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The Expected Transformation of Signaleers

The traditional support role of comms soldiers will merge more into an operational role, leader says.
“We need to think like an operator,” Lt. Gen. John Morrison, G-6 and deputy chief of staff, U.S. Army, told Signal soldiers, speaking at the TechNet Augusta conference. Signaleers need to understand threat-informed intelligence. “As we bring our core communications competencies, we have to do it in operational terms that a maneuver commander can understand.” Credit: Michael Carpenter

“We need to think like an operator,” Lt. Gen. John Morrison, G-6 and deputy chief of staff, U.S. Army, told Signal soldiers, speaking at the TechNet Augusta conference. Signaleers need to understand threat-informed intelligence. “As we bring our core communications competencies, we have to do it in operational terms that a maneuver commander can understand.” Credit: Michael Carpenter

With a unified network, the role of the soldiers in the Army’s Signal Corps will shift from a mission support position to becoming embedded in operations. While Signaleers always will provide the core service of communications to enable a commander, these soldiers also will be supporting maneuver and maneuvering themselves, “and that is a different mindset we need to have,” said Lt. Gen. John Morrison, G-6 and deputy chief of staff, U.S. Army, speaking August 18 during the closing session of AFCEA International’s TechNet Augusta conference in Georgia.

“If you don’t think of yourself as an operator, you are in the wrong business,” the general said. “In the cyberspace domain, it is all about combined arms maneuver. The cyber force has a role to play, and the Signal regiment has a role to play. The EW [electronic warfare] force that is part of our cyber branch has a role to play. With our intel partners underpinning it all.”

Part of the transformation is prompted by the Army evolving to answer the needs in the Indo-Pacific, which will bring about small nodes or groups of soldiers deploying in a dispersed manner. The other inducement is the Signaleers’ platform itself. The service’s endeavor over the last year to plan and create a unified network—a combined platform for communications, computing, fires, cyber and intelligence—means that communications soldiers will take on new roles.

That reality of a unified network is one “big step closer,” Gen. Morrison noted. “In a short year it is absolutely phenomenal the work that has gone on across the broader community, whether it is our cyber or our great teammates at the CIO’s [chief information officer’s] office, the enterprise cloud management activity, the Network CFT [cross functional teams] and all the PEOs [program executive officers] that are supporting it. We have gotten ourselves aligned to where we don’t talk enterprise and tactical. We all know that is a four-letter phrase. We talk about strategic and operational and the linkages to the tactical domain and bring that all together in a unified fashion so that we can modernize smartly and drive on this notion of unified network.”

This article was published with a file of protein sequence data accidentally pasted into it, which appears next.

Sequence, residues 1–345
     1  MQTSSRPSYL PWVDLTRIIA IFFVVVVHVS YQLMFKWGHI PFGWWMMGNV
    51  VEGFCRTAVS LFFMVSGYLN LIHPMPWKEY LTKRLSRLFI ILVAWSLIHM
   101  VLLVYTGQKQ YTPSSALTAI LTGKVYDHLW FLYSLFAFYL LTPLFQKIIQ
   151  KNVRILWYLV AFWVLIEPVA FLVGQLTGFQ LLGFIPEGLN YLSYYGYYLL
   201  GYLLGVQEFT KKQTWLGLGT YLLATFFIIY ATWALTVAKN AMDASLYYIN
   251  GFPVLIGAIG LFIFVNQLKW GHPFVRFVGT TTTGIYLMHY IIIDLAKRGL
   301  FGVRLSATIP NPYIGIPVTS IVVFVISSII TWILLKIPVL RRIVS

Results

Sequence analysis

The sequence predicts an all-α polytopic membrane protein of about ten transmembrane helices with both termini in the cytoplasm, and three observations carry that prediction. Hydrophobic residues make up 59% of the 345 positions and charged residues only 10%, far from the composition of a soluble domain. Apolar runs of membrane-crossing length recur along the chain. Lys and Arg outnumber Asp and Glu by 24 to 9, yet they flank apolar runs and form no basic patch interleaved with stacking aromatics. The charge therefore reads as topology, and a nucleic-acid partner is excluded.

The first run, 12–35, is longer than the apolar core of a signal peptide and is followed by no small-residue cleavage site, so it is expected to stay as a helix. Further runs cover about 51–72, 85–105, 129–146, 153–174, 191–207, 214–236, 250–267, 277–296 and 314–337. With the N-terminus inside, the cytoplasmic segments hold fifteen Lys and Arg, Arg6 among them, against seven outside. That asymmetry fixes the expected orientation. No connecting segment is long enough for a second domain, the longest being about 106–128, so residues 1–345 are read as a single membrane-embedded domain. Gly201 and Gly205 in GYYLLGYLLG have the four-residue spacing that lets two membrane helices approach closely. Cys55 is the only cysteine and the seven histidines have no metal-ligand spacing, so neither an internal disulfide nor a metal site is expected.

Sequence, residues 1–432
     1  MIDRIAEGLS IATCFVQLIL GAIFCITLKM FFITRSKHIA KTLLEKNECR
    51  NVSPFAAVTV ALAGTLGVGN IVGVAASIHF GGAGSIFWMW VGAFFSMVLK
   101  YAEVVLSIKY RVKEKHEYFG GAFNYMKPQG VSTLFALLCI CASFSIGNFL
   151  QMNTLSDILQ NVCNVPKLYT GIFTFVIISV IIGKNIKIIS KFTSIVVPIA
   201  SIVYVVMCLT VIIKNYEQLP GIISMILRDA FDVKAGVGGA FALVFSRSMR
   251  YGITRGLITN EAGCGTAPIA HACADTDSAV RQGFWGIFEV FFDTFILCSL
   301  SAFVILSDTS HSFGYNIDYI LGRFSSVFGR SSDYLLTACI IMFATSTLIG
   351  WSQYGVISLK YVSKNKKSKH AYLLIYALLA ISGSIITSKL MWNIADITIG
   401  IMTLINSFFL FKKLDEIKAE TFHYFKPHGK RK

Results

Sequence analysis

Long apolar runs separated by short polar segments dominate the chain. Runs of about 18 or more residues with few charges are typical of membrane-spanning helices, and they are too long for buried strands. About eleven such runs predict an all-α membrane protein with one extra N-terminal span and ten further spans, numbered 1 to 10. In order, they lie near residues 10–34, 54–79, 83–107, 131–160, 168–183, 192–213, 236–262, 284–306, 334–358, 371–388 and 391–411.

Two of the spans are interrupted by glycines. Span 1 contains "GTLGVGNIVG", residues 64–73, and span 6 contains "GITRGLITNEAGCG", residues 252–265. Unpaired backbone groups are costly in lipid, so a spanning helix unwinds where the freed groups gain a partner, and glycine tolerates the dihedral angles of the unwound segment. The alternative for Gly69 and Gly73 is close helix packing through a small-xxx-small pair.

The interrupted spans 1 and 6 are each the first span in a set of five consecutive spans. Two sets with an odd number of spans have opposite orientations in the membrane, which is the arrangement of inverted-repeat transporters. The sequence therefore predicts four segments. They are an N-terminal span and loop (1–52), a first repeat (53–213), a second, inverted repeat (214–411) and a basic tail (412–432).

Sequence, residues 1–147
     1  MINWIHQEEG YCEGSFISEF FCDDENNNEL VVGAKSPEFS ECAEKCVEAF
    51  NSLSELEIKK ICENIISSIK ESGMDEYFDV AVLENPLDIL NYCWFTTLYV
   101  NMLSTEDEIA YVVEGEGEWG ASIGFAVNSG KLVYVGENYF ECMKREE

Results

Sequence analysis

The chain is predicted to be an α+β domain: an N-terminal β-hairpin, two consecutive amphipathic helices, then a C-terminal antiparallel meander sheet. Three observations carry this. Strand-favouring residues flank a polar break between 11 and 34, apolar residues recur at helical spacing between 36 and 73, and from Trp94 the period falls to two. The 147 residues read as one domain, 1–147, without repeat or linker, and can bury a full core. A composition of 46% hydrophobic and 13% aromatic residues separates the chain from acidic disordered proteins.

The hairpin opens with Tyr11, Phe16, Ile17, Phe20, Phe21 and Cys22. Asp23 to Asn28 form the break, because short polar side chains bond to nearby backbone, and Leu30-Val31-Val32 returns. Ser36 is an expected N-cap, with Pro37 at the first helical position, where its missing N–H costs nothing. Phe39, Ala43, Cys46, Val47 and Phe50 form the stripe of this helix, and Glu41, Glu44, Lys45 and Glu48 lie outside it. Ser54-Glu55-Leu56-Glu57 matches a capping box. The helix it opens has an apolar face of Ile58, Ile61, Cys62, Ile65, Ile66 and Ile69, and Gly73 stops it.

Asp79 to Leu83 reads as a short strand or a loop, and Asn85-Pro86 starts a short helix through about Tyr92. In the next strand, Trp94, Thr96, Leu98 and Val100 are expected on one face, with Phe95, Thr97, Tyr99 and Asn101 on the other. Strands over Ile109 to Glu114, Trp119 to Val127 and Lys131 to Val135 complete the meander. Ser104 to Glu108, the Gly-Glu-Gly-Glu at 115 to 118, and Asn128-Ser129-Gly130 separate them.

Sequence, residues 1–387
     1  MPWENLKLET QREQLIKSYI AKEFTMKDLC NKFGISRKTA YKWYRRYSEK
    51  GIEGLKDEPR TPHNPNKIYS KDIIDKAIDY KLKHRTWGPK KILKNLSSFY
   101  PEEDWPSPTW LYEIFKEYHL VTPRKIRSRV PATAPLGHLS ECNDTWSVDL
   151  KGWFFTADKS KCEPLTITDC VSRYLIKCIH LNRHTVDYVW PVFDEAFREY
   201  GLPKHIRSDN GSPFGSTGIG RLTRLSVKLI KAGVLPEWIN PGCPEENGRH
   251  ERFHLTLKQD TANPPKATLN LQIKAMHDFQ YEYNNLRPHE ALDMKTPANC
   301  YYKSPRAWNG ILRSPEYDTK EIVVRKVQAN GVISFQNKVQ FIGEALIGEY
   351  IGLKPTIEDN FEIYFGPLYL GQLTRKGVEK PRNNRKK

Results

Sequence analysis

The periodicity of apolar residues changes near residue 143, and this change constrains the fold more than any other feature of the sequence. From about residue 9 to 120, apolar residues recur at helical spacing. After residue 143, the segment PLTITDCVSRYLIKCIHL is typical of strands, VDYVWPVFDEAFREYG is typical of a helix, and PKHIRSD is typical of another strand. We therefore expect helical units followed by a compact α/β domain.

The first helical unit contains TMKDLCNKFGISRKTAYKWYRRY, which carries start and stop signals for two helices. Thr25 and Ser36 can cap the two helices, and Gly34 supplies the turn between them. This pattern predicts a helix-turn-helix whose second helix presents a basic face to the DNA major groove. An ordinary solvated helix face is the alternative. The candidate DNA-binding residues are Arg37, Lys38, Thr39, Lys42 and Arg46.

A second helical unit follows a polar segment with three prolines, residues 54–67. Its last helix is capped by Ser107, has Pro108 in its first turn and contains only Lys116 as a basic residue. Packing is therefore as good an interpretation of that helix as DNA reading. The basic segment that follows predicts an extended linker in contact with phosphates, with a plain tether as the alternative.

The use of a unified network will be amplified by cloud storage, computing and digital capabilities through a hybrid approach of on- and off-premise cloud platforms, the general explained. “We have set the foundation from a cloud perspective to where we now have an environment where we will be able to rapidly and smartly start moving towards the cloud,” he stressed. “And I will tell you it’s not ‘the cloud.’ We have a very strong path forward on a hybrid cloud approach because we have learned through exercises and operations that is the approach we needed to take.”

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Lt. Gen. John Morrison, G-6 and deputy chief of staff, U.S. Army, addresses Signal soldiers at the TechNet Augusta conference August 18.
Lt. Gen. John Morrison, G-6 and deputy chief of staff, U.S. Army, addresses Signal soldiers, at the TechNet Augusta conference August 18.

The general admitted that it helps to have the support of "big Army," with top leaders recognizing the need for one distinct platform. “You are watching programs change and you are watching mindsets change,” Gen. Morrison stated. “Front and center as an objective is this notion of a unified network.”

The service will spend the next few months finalizing requirements for such a network, which ultimately will become a program of record. With a combined digital platform, Army Cyber Command will run unified network operations to maintain, secure and defend the Army’s portion of the Department of Defense Information Network, or the DODIN, he shared.

The general shared a vision of the data-centric platform that would offer common Army capabilities across echelon, allowing soldiers—and Signaleers—deploying across the globe, distributively, to plug in and out of the network effectively. “Whether it is supporting exercises in the U.S. Indo-Pacific Command or operations in Europe, we are seeing the power of this unified network,” Gen. Morrison said.

He told industry to look at the next six months as priority of effort in which the Army aligns itself to build and incrementally improve a unified network. “Engaging with our industry partners is absolutely critical to everything that is going on in our Army,” he said.

Lt. Gen. John Morrison Discusses Operationalizing Cybersecurity, Closing Out TechNet Augusta 2022